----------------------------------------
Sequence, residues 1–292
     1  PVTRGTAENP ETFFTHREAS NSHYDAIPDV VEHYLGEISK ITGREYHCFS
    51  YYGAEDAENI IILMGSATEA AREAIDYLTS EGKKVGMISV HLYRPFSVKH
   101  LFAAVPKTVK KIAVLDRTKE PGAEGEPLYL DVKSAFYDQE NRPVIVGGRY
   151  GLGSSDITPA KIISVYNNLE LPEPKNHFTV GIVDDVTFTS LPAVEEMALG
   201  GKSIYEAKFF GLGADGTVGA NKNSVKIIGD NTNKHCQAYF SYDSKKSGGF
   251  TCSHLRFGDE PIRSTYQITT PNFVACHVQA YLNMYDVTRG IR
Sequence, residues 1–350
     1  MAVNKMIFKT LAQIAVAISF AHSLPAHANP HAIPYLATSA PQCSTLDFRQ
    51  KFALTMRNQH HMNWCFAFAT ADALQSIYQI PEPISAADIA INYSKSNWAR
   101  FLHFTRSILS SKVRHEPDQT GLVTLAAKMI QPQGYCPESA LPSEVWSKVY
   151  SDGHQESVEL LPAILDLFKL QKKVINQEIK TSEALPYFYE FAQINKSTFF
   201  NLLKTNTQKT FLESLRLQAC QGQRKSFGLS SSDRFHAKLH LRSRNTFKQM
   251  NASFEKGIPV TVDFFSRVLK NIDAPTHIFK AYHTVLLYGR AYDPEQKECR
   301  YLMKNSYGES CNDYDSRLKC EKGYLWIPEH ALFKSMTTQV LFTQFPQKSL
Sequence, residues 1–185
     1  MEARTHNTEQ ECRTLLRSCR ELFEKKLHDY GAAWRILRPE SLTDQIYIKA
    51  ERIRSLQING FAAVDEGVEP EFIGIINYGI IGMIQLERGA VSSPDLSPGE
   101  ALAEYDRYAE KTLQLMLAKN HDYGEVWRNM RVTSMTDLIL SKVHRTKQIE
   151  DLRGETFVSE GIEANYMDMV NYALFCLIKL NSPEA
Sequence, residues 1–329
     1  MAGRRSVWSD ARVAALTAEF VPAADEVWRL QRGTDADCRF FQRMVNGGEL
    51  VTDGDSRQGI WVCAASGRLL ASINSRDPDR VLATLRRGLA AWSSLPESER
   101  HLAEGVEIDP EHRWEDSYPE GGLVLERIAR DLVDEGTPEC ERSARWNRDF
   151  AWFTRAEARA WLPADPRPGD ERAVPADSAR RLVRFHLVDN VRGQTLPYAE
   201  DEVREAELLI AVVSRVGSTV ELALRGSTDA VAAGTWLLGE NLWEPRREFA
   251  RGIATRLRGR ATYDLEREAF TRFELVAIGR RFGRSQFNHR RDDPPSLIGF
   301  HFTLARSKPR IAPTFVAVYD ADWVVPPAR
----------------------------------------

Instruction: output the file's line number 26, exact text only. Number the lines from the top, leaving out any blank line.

   201  DEVREAELLI AVVSRVGSTV ELALRGSTDA VAAGTWLLGE NLWEPRREFA